Your Mom Gets High
If you’ve ever wondered whether your parents smoke marijuana, there’s a really good chance the answer is yes.
In fact, a new survey has discovered that a surprisingly large proportion of all medical marijuana users in the U.S. are parents.
The study was conducted by HelloMD, a digital health platform that helps connect medicinal cannabis patients with doctors. In it, the company surveyed 1,400 medical marijuana patients between the ages of 18 and 80, making it one of the largest medical marijuana surveys ever completed.
After analyzing the data gathered by the survey, the folks at HelloMD have reported that 45% of all medical marijuana patients are parents. Almost 85% of medical marijuana users have completed some level of higher education, and nearly 15% have a postgraduate degree.
In addition to these numbers, the survey found that the largest age cohort currently using medicinal cannabis is the group of people between 25-34 years old.
By far the three most common reasons given for using medical marijuana are for relaxation, to sleep better, and for mood elevation.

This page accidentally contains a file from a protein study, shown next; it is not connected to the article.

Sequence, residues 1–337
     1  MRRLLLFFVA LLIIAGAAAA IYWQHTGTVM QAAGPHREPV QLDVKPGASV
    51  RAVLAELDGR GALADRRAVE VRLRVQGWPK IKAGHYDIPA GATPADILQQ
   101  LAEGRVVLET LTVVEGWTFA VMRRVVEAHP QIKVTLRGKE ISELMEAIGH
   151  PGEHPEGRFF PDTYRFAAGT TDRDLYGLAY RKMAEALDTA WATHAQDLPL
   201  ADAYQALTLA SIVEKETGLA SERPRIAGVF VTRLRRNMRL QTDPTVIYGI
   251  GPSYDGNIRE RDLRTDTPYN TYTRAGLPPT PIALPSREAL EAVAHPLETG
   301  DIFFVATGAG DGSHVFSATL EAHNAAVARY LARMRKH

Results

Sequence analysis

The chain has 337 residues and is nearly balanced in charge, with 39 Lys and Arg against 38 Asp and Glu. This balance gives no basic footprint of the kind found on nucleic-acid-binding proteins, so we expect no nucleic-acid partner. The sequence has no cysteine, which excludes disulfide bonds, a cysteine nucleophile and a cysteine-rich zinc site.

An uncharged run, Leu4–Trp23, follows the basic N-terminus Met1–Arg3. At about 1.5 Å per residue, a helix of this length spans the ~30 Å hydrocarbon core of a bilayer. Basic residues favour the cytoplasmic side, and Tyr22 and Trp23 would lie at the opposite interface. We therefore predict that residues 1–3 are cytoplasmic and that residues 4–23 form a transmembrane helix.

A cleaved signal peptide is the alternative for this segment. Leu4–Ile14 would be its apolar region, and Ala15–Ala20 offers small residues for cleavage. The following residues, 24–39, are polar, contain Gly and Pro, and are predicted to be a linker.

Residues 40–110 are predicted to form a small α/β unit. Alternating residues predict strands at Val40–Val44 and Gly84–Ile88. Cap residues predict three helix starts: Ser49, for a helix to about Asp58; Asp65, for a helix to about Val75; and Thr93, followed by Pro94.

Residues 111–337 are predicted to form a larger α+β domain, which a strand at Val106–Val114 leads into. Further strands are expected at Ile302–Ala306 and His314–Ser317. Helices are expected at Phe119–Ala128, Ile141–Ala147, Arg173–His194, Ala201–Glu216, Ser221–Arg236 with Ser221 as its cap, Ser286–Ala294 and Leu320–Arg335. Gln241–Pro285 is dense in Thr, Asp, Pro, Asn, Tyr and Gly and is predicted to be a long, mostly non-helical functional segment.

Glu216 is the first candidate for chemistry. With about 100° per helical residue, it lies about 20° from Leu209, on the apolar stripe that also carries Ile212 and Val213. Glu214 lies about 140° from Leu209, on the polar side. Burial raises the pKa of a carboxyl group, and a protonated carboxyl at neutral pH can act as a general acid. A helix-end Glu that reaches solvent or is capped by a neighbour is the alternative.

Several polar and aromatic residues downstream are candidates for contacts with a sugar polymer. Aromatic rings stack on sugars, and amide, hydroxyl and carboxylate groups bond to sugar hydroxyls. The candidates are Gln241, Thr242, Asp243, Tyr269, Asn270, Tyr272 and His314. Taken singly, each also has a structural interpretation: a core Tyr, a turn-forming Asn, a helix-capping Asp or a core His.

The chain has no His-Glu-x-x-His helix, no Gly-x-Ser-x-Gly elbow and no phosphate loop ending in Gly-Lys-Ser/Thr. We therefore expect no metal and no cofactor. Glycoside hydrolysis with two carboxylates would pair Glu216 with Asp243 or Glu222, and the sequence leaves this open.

Regardless of the specific reason a person chooses to use medical marijuana, 84% of survey respondents said that cannabis effectively helps treat their symptoms.
“I find that a combination of morning meditation, exercise, and evening cannabis use helps ease my anxiety dramatically throughout the week, and I prefer the results to that of prescription meds,” one survey respondent said.
“Also, I am a cancer survivor and had used cannabis throughout my treatment to help ease nausea, trouble sleeping, and general pain. I highly recommend marijuana as a safe treatment for many conditions to many people close to me.”
A great deal of the public debate regarding medical marijuana has come to center on whether or not it might be an effective tool against cancer, and if it could represent a safer alternative to prescription painkillers.
Toward the end of 2015, the National Institute on Drug Abuse updated its official fact sheet for cannabis, citing animal studies in which cannabis successfully shrunk killed certain types of cancer cells.
And alarmed by what many have perceived to be an epidemic of opioid addictions stemming from the heavy prescription of painkillers, many have begun looking to cannabis as a non-addictive alternative.